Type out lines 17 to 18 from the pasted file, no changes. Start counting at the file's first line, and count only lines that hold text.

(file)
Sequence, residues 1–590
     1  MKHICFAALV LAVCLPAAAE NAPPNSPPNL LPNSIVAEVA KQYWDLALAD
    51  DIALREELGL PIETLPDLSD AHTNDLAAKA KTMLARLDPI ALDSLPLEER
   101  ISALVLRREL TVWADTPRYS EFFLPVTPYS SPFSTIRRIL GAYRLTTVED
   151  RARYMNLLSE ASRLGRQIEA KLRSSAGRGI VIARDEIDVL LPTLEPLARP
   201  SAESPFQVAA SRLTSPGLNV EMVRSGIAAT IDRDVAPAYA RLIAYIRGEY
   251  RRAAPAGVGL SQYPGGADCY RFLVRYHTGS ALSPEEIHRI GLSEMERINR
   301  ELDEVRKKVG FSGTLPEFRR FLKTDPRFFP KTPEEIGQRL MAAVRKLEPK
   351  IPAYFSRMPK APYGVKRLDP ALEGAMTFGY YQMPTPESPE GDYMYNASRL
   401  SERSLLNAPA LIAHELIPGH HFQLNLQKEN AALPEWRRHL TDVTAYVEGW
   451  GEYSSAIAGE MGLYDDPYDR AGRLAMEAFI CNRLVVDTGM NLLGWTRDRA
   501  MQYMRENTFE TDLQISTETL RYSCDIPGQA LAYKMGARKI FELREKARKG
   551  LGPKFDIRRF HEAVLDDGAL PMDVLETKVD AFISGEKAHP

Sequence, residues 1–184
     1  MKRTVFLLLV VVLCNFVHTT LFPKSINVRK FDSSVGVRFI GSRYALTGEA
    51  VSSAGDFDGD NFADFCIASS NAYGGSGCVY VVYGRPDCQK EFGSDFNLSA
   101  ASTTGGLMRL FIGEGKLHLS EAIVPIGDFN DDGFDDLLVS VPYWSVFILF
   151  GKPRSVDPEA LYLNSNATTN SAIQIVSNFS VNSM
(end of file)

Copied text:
   101  ASTTGGLMRL FIGEGKLHLS EAIVPIGDFN DDGFDDLLVS VPYWSVFILF
   151  GKPRSVDPEA LYLNSNATTN SAIQIVSNFS VNSM